• A senior Pentagon official obtained inside information on contracts in Iraq by pretending to be a Defense Department investigator, then used the information to campaign for contracts for friends, the Los Angeles Times reports.
  • A joint Pentagon-Energy Department operation has removed 1.77 metric tons of low-enriched uranium from a former nuclear research site in Iraq. The material had been sealed off after the Gulf War, but could have been used in a terrorist dirty bomb.
  • A car bomb blew up in the town of Khalis on Tuesday, killing 13 people attending a wake for the victims of a previous attack. The attack in Khalis, near the city of Baqouba, came two days after gunmen fired at a building belonging to a city council official, killing two people and wounding two. The attack Tuesday targeted the wake for those killed in that attack, who rebels view as collaborators with coalition troops.
  • Before the invasion of Iraq, the CIA reportedly was told by Iraqi scientists' relatives that the country's weapons of mass destruction programs had ended. That's according to a Senate Intelligence Committee report quoted by the New York Times, which says the CIA did not pass on that information to President Bush as he prepared the administration's case for going to war against Iraq.
  • The terrorist group led by Abu Musab al-Zarqawi claimed responsibility for an attack on U.S. forces in western Baghdad earlier this week, according to a statement posted on an Islamic Web site.

    The United States is offering $25 million for information leading to the capture of terror mastermind Abu Musab al-Zarqawi, who is suspected of being behind a series of coordinated attacks on police and security forces that killed 100 people only days before U.S. forces handed over power to an Iraqi interim government.

    His followers have also claimed responsibility for the beheading of American Nicholas Berg and South Korean Kim Sun-il.

    An armed vigilante group calling itself the "Salvation Movement" threatened on Tuesday to kill al-Zarqawi for insurgency attacks that have killed Iraqis.

    Wednesday's mortar attacks are the second time that Allawi's party, the Iraqi National Accord, was targeted. In the days before U.S. officials handed over power to Allawi's interim government on June 28, insurgents overran the offices of the Iraq National Accord party in Baqouba, an insurgent hotspot north of the capital, Baghdad. No one was hurt in that assault.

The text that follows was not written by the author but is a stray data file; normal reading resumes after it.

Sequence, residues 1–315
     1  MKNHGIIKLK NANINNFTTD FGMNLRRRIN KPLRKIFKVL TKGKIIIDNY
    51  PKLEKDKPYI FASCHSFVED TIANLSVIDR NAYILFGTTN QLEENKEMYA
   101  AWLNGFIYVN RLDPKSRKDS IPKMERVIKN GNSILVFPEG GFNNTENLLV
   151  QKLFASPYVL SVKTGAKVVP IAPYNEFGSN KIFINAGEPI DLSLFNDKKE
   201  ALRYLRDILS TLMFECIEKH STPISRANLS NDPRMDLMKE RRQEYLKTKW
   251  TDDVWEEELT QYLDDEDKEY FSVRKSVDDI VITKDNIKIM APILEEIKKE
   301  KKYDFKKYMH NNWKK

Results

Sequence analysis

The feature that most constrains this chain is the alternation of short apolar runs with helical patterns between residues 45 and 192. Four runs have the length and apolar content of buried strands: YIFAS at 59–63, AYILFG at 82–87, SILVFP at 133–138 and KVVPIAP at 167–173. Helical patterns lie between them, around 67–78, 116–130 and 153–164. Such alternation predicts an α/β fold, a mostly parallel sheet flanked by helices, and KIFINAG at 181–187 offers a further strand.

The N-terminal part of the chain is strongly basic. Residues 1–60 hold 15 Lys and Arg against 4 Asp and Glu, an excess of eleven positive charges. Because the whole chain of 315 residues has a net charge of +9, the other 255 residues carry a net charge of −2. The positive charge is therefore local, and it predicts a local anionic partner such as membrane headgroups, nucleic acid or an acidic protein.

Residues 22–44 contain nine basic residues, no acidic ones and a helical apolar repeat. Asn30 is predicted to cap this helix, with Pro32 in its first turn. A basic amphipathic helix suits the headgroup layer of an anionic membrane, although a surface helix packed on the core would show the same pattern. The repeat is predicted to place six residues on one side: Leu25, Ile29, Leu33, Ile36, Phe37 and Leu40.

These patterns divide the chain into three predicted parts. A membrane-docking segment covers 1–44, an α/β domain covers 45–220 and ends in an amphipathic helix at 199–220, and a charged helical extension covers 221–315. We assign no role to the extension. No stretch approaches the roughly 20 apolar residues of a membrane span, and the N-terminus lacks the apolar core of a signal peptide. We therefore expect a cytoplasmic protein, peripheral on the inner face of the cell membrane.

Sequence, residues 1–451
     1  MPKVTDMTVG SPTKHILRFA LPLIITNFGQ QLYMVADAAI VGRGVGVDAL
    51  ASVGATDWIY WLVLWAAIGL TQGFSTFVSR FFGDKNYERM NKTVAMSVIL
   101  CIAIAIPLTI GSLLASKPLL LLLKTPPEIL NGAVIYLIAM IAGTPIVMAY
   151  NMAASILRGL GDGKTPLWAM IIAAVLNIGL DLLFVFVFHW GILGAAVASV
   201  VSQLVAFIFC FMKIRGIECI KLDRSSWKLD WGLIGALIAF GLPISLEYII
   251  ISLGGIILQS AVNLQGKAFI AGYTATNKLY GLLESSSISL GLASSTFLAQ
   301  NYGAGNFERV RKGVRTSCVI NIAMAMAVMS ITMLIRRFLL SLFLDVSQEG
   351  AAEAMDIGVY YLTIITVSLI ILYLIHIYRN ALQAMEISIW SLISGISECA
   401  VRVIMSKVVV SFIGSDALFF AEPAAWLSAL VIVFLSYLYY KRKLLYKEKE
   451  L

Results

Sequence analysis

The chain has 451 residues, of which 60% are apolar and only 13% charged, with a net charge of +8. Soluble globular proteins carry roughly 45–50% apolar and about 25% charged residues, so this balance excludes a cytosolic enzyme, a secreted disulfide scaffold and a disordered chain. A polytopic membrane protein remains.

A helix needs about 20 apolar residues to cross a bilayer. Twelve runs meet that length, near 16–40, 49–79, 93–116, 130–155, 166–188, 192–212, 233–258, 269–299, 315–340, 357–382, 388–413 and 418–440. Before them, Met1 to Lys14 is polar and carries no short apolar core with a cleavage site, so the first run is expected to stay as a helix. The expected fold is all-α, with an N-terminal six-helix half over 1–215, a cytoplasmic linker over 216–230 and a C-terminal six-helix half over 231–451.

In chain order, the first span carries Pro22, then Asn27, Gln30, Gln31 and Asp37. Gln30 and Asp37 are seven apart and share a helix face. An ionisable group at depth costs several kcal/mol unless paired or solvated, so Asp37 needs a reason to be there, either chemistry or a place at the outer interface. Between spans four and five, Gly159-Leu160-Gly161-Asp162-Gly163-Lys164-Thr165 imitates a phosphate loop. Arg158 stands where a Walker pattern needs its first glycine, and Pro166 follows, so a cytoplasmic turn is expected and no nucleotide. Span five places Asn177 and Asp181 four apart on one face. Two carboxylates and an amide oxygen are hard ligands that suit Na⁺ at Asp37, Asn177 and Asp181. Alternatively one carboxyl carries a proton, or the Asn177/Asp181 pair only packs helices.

The attacks came only hours after Allawi was set to unveil the law formally. The new law gives Iraqi officials the ability to institute martial law for limited periods of time and under special circumstances.

    "We realize this law might restrict some liberties, but there are a number of guarantees," Justice Minister Malik Dohan al-Hassan said during a news conference announcing the law Wednesday.

    "The borders are still open for infiltrators and, as a result, the security situation is unstable," said Imad Hussein al-Shebeeb, a senior member of the Iraq National Accord party.

    "The lives of the Iraqi people are in danger, they are in danger from evil forces, from gangs from terrorists," said Human Rights Minister Bakhityar Amin.

    Amin compared the law to the U.S. Patriot Act.

    The law gives Allawi the right to assign curfews to specific areas, to conduct cordon and search operations and detain individuals with weapons on them.

    It also gives Allawi the right to assign governors, including military leaders, to be in charge of specific area.

    Justice Minister Malik Dohan al-Hassan said the premier would need to get warrants from an Iraqi court before he could take each additional step and said martial law could only be declared for 60 days or for the duration of the specific violence, whichever is shorter.

    In its current form, the new law calls for the revision of emergency measures every 60 days, contingent on the approval of the Cabinet, including the president and the country's two vice presidents, said an official in the Defense Ministry speaking on condition of anonymity.

    "There will not be an automatic renewal of the law," said the official, speaking on condition of anonymity. It will be revised "so that we don't have emergency laws in place for 20 years."